Friday, September 28, 2007
The Making of a Blogger
A techie, I’m not. Nor am I receiving kickbacks for promoting online services. But about 10 years ago, I fell in love with the Internet — and that’s despite the fact I’m still without high-speed access.
As technologically impaired as I am, even a partial list of the ways my computer helps me manage my life is impressive: online banking, getting directions, keeping up with Minnesota weather, and Googling important stuff for my latest post on Katalusis.
But here’s a secret: online news sources have long intrigued me more than any other magic on the Web.
I’ve been a news junkie from an early age. It all started when my older brother Kenneth shipped out with the 124th Infantry Division for combat duty in Korea. Until the day he returned home, my family listened to the news on the radio every hour on the hour.
By dint of repetition my impressionable young mind retained for years odd bits of trivia; for example, Michael V. DiSalle of Toledo, Ohio was the price administrator under President Harry Truman.
(In between news broadcasts, I followed the Cleveland Indians, but don’t get me started on baseball statistics; that’s not an issue where I care to engage Alan Greenspan.)
Most important, sitting in the family circle and listening for news from the Korean battlefield taught me how events on the other side of the globe affect every waking moment of our lives. I’ve been addicted to knowing what’s going on in the world ever since.
I thought I’d died and gone to news junkie heaven when I discovered I had daily access to online versions of the New York Times, the Boston Globe, the Washington Post, CNN, USA Today, the Los Angeles Times, the International Herald Tribune, and the London Times, to name just a few.
And that was way before I discovered the blogosphere, a wide-open territory where I’ve not even begun to learn my way around. I’m ashamed to admit I was introduced to blogs on the front pages of the mainstream media where I’ve met the likes of Dan Froomkin and Howard Kurtz at the Washington Post and Mike Nizza at the New York Times.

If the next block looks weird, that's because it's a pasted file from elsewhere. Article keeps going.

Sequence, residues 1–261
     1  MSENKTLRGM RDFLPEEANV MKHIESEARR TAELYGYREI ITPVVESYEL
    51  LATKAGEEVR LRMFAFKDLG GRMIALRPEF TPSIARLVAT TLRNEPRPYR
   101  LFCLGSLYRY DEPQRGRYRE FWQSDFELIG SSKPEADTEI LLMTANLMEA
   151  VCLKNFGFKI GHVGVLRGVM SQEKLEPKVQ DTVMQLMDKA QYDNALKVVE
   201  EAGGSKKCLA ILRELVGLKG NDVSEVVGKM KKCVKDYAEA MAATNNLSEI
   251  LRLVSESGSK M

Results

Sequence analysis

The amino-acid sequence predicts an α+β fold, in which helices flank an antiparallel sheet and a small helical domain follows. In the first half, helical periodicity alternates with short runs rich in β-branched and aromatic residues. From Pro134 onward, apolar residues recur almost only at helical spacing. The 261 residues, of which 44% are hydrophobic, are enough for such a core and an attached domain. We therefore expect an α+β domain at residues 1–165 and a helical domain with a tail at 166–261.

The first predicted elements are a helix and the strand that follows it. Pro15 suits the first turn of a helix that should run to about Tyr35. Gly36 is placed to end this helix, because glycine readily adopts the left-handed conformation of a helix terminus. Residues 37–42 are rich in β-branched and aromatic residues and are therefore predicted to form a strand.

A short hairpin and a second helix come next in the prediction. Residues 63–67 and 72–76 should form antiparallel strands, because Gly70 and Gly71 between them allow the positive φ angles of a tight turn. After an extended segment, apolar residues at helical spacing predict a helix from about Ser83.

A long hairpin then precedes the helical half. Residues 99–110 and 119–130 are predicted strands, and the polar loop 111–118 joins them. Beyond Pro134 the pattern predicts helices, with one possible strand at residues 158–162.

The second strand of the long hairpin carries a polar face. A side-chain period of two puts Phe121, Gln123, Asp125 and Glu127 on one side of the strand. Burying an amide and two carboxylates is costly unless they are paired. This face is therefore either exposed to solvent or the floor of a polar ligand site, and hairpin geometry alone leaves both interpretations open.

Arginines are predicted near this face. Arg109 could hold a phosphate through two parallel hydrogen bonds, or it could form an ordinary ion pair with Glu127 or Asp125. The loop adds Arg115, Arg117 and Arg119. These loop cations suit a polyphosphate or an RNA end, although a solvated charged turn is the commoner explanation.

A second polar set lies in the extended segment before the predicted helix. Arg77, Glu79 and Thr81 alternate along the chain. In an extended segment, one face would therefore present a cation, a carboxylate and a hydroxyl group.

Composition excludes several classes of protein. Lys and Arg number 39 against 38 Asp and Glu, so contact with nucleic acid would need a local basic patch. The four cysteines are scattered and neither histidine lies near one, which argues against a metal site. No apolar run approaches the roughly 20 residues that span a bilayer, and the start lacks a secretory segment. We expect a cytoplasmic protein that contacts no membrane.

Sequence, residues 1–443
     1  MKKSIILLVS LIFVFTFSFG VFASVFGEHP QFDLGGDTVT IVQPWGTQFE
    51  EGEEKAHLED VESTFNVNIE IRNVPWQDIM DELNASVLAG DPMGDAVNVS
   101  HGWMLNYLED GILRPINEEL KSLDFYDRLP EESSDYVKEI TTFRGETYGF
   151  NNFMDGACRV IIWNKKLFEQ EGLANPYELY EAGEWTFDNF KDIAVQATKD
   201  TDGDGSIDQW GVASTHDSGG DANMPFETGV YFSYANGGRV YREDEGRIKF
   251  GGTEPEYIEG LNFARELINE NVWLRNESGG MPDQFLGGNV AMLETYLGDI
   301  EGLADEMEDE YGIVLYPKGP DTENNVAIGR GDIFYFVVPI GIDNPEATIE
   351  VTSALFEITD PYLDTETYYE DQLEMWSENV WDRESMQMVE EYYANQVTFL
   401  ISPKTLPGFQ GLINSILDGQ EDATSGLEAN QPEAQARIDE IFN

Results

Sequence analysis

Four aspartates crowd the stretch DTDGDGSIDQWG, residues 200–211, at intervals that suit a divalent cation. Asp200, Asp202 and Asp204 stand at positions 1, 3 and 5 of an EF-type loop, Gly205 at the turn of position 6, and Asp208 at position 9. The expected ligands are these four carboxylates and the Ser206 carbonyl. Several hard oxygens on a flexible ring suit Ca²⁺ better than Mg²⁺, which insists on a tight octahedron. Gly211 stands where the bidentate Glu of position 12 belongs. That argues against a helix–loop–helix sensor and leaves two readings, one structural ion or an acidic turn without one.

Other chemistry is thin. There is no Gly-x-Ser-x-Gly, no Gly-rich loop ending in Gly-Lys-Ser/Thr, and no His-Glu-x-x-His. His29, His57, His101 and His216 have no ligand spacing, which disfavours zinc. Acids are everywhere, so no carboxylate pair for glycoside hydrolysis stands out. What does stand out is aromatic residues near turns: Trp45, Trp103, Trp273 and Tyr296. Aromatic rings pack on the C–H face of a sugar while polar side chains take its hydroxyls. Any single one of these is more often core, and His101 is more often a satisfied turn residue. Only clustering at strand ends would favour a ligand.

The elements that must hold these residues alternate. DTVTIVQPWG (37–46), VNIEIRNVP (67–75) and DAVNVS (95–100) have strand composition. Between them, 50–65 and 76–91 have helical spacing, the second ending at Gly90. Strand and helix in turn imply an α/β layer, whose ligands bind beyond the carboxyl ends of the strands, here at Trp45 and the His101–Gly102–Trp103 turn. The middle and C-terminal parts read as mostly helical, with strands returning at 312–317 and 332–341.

Incidentally, at the rate it’s going, the MSM may soon co-opt the blogosphere; I hear the New York Times now hosts 30 plus blogs on its pages.
A complete MSM takeover would be unfortunate. The ongoing Alan Greenspan travesty is just one good example why an independent blogosphere is essential. When word of Greenspan’s memoir first broke in the Washington Post with Bob Woodward’s review of The Age of Turbulence: Adventures in a New World, I was as stunned as anyone else by this quote from Greenspan, "I am saddened that it is politically inconvenient to acknowledge what everyone knows: the Iraq war is largely about oil."
The 81-year-old former chairman of the Federal Reserve has stifled the nascent controversy by treating his rationale for the invasion of Iraq as if it were just, well, common sense: “What?” the oracle of American finance deftly exclaims, “Saddam Hussein posed a threat to the security of oil reserves in the Middle East!”
For in-depth coverage, I usually begin my day with at least an hour-long fix of breaking news from the wire services and analyses of current events by respected commentators. Since Greenspan’s original remark about the war was first published, I’ve been waiting in vain for the media — mainstream or otherwise — to challenge the ethical and moral right of one nation to invade another to secure their oil supplies.
The Huffington Post came through the other day. While comparing Greenspan’s Age of Turbulence: Adventures in a New World to Naomi Klein’s The Shock Doctrine: The Rise of Disaster Capitalism,
Huffington notes Klein’s challenge to Greenspan on Democracy Now.
In response to Greenspan’s justification for taking out Hussein to stabilize the world’s oil supply, Klein asks, “"Are you aware that, according to Hague Regulations and the Geneva Conventions, it is illegal for one country to invade another over its natural resources?"
Evidently Greenspan was unaware of the applicable international law. And I’m left wondering how many American citizens are as oblivious as he is. More important, how many care?
I launched Katalusis in late August, so I’ve only been blogging for about a month. But this particular issue seems made to order for an independent blogosphere, and I’m hoping my fellow progressive bloggers will rise to the occasion and sound the alarm.